Last week, while reviewing Legion Lost, I argued for DC to institute a Marvel-style recap page to avoid writers having to shoe in acres of unconvincing expository dialogue. There's no such problem with info-dumping here - Brian Azzarello assumes that the only people reading are those who've been with Wonder Woman from the start of this seemingly endless tale of petty-minded, idiotic gods. Or those who will read this in one massive collection. Super. Having been around for many of the issues, I've a better chance than first-timers of 'getting' this comic, but Wonder Woman #15 certainly won't bring me back as a regular. The old problem remains, encapsulated by Orion in a refreshingly meta piece of dialogue as he barks at Lennox: 'You and your stupid damn riddles.'
Indeed. Lennox isn't the only offender - all the gods sound like cryptic crossword clues - but he's the worst because Azzarello has somehow gotten even worse at writing 'English' speech patterns:
'I don' let him do anything - why you think I 'ave control over this?'
'There be older powers at play.'
'Why I always stick myself with the 'orrid jobs?'
As Jack Lemmon said of Tony Curtis's impression of Cary Grant in Some Like it Hot, 'nobody talks like that'. Lennox sounds like a cross between Ali G and Worzel Gummidge. It's as if Azzarello is typing with a tin ear.
Of course, this could be his subtle way of hinting that Lennox isn't the English godling he claims to be; in which case, get on with the revelation, and stop hurting my brain.
As implied by the line above, Orion is a far more straightforward guy than the Olympians, who couldn't cross the street without building a labyrinth and dumping a minotaur in it. If he can cut through some of the nonsense and bring the main storyline - whatever it is, I can no longer remember - to a close, excellent. Once he and Diana get their obligatory fight scene over with, they'll likely team up to do whatever (while Diana wants to find Siracca, it seems Orion has been searching for Diana).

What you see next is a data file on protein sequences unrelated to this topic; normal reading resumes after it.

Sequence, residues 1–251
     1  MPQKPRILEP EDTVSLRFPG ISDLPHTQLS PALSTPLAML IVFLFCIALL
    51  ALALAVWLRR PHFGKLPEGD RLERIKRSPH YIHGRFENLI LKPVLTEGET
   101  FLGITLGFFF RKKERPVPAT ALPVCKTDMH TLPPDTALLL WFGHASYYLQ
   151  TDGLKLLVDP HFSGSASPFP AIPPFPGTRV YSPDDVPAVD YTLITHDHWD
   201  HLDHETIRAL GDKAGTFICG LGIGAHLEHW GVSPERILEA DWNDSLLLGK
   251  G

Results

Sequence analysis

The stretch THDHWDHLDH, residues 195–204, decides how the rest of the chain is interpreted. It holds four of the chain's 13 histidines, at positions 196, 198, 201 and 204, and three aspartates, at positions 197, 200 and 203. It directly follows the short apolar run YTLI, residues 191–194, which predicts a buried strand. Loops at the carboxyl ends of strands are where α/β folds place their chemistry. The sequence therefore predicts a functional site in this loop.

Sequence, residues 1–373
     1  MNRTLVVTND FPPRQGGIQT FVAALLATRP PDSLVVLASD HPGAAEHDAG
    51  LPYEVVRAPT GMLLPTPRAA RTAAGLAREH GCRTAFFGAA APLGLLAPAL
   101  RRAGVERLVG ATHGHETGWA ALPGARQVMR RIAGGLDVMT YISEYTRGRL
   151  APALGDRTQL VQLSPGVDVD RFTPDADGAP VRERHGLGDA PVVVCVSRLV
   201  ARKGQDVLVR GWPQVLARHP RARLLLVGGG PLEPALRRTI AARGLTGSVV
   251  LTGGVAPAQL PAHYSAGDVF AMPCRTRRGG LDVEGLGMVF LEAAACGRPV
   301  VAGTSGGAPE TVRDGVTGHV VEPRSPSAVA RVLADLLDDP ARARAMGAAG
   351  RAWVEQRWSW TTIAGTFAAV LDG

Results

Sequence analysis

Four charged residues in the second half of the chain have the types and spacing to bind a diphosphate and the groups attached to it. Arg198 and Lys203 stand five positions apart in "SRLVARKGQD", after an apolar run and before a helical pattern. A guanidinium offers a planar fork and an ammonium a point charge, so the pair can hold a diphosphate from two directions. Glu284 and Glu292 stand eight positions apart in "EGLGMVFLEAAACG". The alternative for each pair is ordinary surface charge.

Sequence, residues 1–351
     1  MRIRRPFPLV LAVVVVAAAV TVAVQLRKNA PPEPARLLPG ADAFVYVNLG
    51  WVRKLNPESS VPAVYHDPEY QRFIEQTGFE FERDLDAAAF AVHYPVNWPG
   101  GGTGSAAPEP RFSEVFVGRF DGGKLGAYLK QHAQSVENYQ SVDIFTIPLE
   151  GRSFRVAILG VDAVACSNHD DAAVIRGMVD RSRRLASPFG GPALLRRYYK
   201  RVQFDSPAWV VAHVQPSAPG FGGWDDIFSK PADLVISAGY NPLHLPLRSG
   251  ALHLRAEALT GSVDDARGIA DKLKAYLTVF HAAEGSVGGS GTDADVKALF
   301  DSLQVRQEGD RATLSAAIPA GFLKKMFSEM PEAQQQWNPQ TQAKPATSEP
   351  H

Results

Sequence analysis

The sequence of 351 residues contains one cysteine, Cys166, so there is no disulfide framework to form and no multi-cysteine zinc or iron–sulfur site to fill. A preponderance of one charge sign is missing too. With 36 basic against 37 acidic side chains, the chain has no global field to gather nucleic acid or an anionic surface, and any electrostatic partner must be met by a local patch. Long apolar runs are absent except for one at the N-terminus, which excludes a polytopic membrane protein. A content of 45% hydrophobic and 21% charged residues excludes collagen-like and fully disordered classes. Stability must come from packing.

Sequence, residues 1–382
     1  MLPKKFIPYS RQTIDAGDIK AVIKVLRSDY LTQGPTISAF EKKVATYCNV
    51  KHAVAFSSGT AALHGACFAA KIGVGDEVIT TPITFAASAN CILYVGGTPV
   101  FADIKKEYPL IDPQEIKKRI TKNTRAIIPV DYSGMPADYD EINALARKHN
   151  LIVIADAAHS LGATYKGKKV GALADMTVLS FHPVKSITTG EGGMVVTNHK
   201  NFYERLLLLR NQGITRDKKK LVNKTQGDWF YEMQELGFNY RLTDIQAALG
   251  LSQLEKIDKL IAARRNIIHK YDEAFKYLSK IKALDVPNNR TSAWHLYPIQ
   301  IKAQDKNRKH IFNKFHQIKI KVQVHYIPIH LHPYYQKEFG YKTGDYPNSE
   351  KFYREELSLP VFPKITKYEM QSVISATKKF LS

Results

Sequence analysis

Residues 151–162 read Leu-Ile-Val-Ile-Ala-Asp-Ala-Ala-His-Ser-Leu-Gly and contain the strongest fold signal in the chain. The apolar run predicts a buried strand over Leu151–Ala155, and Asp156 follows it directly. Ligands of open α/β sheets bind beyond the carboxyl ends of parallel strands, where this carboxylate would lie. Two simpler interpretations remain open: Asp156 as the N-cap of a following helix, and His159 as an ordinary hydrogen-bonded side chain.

The scenes I really like this issue see Zola and Hera acting like kids over the TV remote, before they address the tension between them - the fact that Hera's hubby Zeus dallied with Zola. Two women on the road to resolving their differences by talking rather than fighting - that's classic Wonder Woman right there. The scene plays out well, thanks in large part to the nuanced art of Cliff Chiang (click on image to enlarge).
All in all, this seems a pretty good issue of the Azzarello Wonder Woman series, but I won't be back next time - there were too many gods when I left, and here we are months later, with still more being introduced, even without New God Orion. The Amazons still look to be missing, Diana's mother Hippolyta apparently remains dead and the Zola's baby thread is being spun out ever thinner. And Diana? Diana is no more than the member of the ensemble cast who gets to appear on the cover. There's no sense that this comic is about her, that's she's driving the story.
The DC New 52 Wonder Woman is what it is, but it ain't for me.
Ain't? Er, 'isn't'. Don' 'old that against me, oi?